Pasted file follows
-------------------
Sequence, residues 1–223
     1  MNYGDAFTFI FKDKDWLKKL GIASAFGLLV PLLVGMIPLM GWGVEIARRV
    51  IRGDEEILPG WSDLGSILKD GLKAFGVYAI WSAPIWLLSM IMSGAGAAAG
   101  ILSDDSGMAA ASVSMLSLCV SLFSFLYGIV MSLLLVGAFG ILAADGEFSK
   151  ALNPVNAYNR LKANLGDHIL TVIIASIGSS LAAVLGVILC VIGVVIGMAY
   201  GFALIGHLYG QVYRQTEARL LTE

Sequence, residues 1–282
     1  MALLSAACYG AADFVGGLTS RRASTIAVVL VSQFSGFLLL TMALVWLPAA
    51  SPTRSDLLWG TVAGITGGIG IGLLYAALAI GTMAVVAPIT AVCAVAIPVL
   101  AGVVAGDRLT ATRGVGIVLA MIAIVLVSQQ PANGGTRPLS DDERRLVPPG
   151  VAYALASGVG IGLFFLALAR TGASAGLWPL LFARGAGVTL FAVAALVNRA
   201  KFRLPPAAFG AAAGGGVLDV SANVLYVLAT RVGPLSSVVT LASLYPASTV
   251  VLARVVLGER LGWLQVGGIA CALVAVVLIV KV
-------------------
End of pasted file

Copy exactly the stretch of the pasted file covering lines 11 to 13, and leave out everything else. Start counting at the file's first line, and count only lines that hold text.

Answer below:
   151  VAYALASGVG IGLFFLALAR TGASAGLWPL LFARGAGVTL FAVAALVNRA
   201  KFRLPPAAFG AAAGGGVLDV SANVLYVLAT RVGPLSSVVT LASLYPASTV
   251  VLARVVLGER LGWLQVGGIA CALVAVVLIV KV